Home-cooked Pinto Beans, Refried Beans, and Cardinals To Boot

Less than 1/10 of an inch (near 529 and Huffmeister), but the new rain gauge is ready to take on more.

Friday has brought another tranquil morning, and as I’m on vacation I’m going to enjoy it to the fullest.

This morning when I got up to take Annie out, there was a light rain coming down, so I was more ready to go out that she was.  Yesterday, I had put up a rain gauge.  The farm kid in me wanted a rain gauge to go along with my new garden.  There’s a perfect post right at the garden gate that’s right out in the open away from the influence of the surrounding trees.  Because it was still almost dark at that time, I couldn’t see how much precipitation–if any–had collected in the gauge.

I went back inside, but soon was ready for something to eat.  I don’t know what it is–on a work day morning, I’m not hungry when I get up, but when I have a day off, I feel like eating and usually make a substantial breakfast.

Yesterday I had made chile colorado and cooked some pinto beans.  (I’ll post the recipe for chile colorado later.)   I had wanted to make frijoles a la charra (ranch-style beans), but I didn’t have all the ingredients.  Anyway, when it comes to cooking, sometimes simple is better.  Here is what I did:

Home-cooked Pinto Beans

2 cups dry pinto beans  (Wash the beans in a colander, place in a large bowl, and add at least twice as much water as beans.  Let the beans soak for at least 4 hours, but overnight is even better.

When the beans are soaked and ready to cook:

1 medium onion chopped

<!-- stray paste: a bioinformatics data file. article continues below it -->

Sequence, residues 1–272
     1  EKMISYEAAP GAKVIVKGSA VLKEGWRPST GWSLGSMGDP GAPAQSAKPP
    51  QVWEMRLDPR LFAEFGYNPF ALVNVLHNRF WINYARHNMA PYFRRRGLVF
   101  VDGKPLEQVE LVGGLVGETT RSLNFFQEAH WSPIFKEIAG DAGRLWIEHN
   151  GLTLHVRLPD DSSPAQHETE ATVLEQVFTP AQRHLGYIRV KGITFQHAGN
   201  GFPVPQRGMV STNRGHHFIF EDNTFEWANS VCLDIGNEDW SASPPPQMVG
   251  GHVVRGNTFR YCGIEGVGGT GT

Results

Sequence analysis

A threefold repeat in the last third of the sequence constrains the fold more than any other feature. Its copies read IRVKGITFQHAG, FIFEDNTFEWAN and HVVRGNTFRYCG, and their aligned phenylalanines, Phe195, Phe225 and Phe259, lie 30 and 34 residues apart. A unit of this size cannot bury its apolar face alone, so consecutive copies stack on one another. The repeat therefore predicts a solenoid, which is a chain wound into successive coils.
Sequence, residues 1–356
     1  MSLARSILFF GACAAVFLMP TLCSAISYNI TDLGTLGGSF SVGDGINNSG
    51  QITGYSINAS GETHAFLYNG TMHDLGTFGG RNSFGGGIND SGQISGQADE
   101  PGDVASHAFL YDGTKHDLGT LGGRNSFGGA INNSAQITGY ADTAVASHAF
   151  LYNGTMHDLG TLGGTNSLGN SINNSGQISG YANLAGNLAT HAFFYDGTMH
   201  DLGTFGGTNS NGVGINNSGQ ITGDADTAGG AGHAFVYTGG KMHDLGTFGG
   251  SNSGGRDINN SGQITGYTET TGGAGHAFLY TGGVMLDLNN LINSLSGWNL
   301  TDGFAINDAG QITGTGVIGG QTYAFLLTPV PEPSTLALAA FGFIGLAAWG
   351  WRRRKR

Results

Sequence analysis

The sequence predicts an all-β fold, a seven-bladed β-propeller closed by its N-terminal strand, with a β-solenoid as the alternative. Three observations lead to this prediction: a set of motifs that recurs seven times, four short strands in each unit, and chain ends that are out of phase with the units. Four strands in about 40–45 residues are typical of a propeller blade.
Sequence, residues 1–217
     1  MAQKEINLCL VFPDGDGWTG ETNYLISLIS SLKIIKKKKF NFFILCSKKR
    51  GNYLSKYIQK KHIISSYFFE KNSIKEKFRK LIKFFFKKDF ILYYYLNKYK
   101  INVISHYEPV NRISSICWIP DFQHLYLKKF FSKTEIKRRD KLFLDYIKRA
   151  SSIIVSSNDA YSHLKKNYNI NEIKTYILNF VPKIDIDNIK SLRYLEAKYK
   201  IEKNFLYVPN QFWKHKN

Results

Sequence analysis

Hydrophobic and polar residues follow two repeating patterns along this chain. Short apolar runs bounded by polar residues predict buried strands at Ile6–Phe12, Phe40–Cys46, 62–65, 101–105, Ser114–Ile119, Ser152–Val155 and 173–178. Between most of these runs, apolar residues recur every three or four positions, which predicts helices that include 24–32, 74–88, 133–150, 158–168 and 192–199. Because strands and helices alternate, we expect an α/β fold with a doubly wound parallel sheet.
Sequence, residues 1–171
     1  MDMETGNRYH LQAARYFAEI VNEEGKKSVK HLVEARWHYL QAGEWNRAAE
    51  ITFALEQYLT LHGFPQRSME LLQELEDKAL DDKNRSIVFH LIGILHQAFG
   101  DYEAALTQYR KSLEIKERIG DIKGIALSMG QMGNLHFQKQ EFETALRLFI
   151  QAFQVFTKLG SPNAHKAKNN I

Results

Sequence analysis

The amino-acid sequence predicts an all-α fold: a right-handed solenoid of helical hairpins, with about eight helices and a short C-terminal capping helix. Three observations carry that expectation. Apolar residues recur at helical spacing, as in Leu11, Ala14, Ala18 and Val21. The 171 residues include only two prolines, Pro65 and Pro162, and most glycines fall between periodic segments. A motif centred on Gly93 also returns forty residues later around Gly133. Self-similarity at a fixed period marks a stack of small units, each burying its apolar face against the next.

1 cloves garlic (smash the garlic with the side of a big knife and then finely mince

2 tablespoons olive oil.

Heat the olive oil in a 2-quart pot and add the chopped onions.  Sauté the onions until they begin to change color, and then add the garlic.  (Garlic tends to burn if you cook for the same time as the onion.)

Once the vegetables are sautéd, dump the beans and water into the pot.  Add more water for a total of 1 1/2 quarts.  The water should be an inch or two below the rim of the pot.

At this point add a bit of ham, bacon, or salt port.  I had some thin deli ham, so I put in a couple slices, not very much at all.

Turn up the heat to medium-high, put the lid on the pot, and bring the water to a boil.  After the liquid is boiling, reduce the heat and partially cover the pot with the lid.  Cook the beans at a very low simmer for at least an hour and then check on them.  When the skins start to split, strain one or two beans out of the liquid and check them for doneness.  If they are still grainy, they’ll need at least an hour more.

In the food processor, pulse together: 1 can of stewed tomatoes, 2 tablespoons grape jelly, and 1/3 cup ketchup.

Add this mixture to the beans before they are completely cooked and let everything finish cooking together.  When the beans are completely cooked, salt and pepper to taste.

The broth is very tasty, so you could serve this as a soup, or strain the beans and serve them just as a vegetable.

Quick, easy, and yummy!For my breakfast this morning, I decided to take advantage of what I had cooked yesterday, so I strained out about a cup of the beans and pulsed them in the food processor.  Don’t overdo it, you want to keep some bean texture and not have a dip!

So in my non-stick frying pan, I cooked two eggs and added the beans for refried beans.  Why do they call them “refried” beans?  They’ve already been cooked, but “fried”?  Only once.  Maybe the refrying is in the method.  To get the beans nice and crispy on the outside, keep turning and turning them, something like you might do with a potato pancake.  Never made them?  Well, keep turning the beans until they look tasty.

Breakfast is ready!The light rain let up and I went out to eat my breakfast on the patio.  Once again, I feel like I’m truly on vacation.  My back yard is such as pleasant place.

Just to add to the peaceful environment, a pair of cardinals came to scratch in the grass and have a bit of breakfast while I was enjoying mine.

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